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When I met adventure photographer Linda Guerette at Rebecca’s Private Idaho a couple years ago, it was initially her little sidekick that got us talking. Poking his scruffy little head out of her bag, her now three-year-old terrier-chihuahua goes wherever she goes, be it a photoshoot in the Idaho or skiing in the Colorado mountains. We recently chatted with Guerrette to learn a little bit more about her adventures with Levi.
Levi is three years old, a mighty five kilograms and he loves to ride. So much so that he’s already logged around 15,000 miles (24,140 kilometres) in the company of photographer and avid outdoorswoman Linda Guerrette.
Where she goes, so does he, and by now he has become a bit of a fixture in the North American dirt scene as riders can’t help but fawn over the scruffy terrier poking his head out of Guerrette’s backpack.
“Everyone loves him,” said Guerrette. “He comes to a lot of events with me and he’s become a piece of my identity, really, which is kinda cool. He’s someone people want to spend time with, and he is receptive to that.”
Since taking him home from the shelter three years ago, life has been a big adventure for Levi as he accompanies Guerrette on shoots across the country and many outdoor adventures.
“He’s different from any other dog I have had. He’s a wise soul. Honestly, he’s more like a person than a dog. He’s my adventure buddy.” Guerrette said.
“He goes where I go. I never trained him to do that. I can barely get him to sit on command. He just loves it. He is unique in that way, which makes him so much more than a dog. He is an extension of me.”
A big outdoorswoman, Guerrette only had golden retrievers in the past, but despite his small stature, Levi is more than capable of holding his own.
Together the duo goes hiking, mountain biking, skiing, paddle boarding and snow-biking — Levi’s favourite.
“He can’t run as far and fast [as bigger dogs] but he loves it. When we go snowbiking, he’ll go 5 or 6 miles drafting behind me in the tyre track,” she said.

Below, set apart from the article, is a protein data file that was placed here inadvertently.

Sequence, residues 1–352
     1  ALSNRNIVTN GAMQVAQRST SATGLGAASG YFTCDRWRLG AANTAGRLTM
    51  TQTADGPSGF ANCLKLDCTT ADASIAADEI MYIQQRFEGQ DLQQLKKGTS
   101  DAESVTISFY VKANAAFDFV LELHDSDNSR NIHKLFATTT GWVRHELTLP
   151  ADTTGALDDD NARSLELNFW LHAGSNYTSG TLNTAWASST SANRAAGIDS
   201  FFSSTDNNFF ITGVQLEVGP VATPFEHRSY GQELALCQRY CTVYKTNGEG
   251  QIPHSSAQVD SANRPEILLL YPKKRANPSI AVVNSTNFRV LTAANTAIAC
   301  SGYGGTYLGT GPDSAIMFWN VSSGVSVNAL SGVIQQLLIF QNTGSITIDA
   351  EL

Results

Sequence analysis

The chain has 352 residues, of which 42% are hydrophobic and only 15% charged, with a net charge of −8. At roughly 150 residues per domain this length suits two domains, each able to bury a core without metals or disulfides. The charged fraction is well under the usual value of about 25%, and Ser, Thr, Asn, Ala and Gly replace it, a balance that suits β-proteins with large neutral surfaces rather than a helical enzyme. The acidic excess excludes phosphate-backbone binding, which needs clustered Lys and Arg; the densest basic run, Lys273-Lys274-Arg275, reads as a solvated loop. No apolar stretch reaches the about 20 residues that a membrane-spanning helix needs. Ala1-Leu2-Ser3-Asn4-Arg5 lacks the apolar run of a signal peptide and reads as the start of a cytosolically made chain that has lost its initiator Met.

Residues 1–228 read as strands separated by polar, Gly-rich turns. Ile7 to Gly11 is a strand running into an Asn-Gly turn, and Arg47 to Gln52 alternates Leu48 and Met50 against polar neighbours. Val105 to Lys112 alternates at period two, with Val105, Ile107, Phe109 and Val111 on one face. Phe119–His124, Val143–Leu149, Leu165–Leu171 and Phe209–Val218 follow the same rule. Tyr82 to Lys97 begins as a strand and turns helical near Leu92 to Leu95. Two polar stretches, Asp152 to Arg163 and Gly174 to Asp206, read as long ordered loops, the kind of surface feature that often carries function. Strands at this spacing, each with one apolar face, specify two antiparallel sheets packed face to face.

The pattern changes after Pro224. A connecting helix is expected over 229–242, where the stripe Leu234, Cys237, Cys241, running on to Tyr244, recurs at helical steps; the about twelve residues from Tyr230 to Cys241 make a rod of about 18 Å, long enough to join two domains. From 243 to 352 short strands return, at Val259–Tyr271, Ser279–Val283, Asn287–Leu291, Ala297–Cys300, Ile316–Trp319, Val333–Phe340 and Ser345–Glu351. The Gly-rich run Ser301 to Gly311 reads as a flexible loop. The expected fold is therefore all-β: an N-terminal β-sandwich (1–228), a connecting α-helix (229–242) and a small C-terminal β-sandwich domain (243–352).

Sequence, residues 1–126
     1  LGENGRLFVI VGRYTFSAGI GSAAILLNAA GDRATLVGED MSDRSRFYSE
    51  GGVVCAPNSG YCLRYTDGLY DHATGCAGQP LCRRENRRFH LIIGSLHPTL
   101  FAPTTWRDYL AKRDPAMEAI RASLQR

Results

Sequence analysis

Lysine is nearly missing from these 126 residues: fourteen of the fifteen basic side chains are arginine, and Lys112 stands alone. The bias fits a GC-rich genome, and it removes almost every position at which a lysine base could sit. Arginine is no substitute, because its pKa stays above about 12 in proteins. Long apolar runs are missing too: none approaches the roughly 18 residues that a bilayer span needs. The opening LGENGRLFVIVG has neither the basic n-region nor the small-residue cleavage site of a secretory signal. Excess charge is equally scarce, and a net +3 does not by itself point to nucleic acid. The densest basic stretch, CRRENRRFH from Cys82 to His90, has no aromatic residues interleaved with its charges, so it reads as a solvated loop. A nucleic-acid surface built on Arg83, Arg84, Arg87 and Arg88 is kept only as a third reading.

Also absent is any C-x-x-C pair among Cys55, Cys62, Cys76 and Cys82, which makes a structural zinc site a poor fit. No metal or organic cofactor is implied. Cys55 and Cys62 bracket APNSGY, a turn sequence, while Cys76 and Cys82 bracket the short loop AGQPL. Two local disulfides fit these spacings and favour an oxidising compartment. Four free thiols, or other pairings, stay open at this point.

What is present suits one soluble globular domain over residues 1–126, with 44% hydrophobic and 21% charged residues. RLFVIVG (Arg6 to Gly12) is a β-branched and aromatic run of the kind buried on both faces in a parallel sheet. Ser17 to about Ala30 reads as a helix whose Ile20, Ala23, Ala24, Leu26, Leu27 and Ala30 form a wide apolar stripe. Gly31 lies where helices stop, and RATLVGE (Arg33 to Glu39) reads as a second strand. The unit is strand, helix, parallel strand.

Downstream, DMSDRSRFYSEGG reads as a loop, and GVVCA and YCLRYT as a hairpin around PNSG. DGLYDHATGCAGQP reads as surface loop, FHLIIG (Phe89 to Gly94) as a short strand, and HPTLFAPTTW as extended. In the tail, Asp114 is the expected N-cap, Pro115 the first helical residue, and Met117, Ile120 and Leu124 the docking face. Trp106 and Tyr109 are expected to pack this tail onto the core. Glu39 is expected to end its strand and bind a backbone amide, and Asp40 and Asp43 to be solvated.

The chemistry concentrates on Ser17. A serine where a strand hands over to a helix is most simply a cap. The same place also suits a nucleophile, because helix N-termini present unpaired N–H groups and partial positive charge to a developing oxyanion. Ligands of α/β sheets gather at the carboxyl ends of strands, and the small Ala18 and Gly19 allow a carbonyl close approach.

And when he’s tuckered out, Levi gets to enjoy the ride from Guerrette’s backpack.
Like so many riders, Guerrette does a lot of her adventuring solo. Having Levi to keep her company makes her feel both connected and safe.
“Biking for me has played several roles in my life. It’s always been something therapeutic for me, as it is for lots of people. I ride for mental meditation and exploration. And a lot of stuff I do, I do solo. But being able to share that with another being – be it a dog or a person – is rewarding. Levi is very curious and very attentive and it helps me to see my environment in a different way, his way, I think,” Guerrette shared.
“Although he is little, the terrier does come out in him so he’s my little protector. I actually feel quite secure with him.”
Be considerate to your companion
For others wanting to ride with their dogs, Guerrette offered some tips.
“First off, Levi really does enjoy coming on my adventures but not all dogs do. So you have to make sure your dog is comfortable with the bike — on it, running next to it and encountering other bikes,” she said.
“When you are riding with you dog, the keyword there is ‘with’. You have to consider their needs: don’t go too far or too fast, alter your plan, pay attention to them. Ultimately, just like us, if they’re comfortable, they’re going to enjoy it more.”
Safety, too, is important.
“I put a bell on him so I know where he is at all times,” she shared. “I make sure he’s not too cold or too warm, and I’ll give him electrolytes when he needs it.”
Companion but still a dog
When asked if she’d rather ride with people or with Levi, Guerrette laughed.
“I’m planning my next bikepacking trip and he’s coming with me. I haven’t invited any else so that answers that question,” she said.
That doesn’t make her a ‘crazy dog lady’ though, she said.
“For me, he is a companion dog, but I don’t ‘need’ him. I don’t force him on others and I respect the dog-free zones,” she said.
And the name? Yes, it does have a little something to do with retired pro cyclist Levi Leipheimer.
“Levi was the first name he responded to. While I didn’t name him after Levi Leipheimer originally, over time he did start to remind me of Levi Leipheimer for being such a little explosive and energetic fella. So it’s kind of fitting.”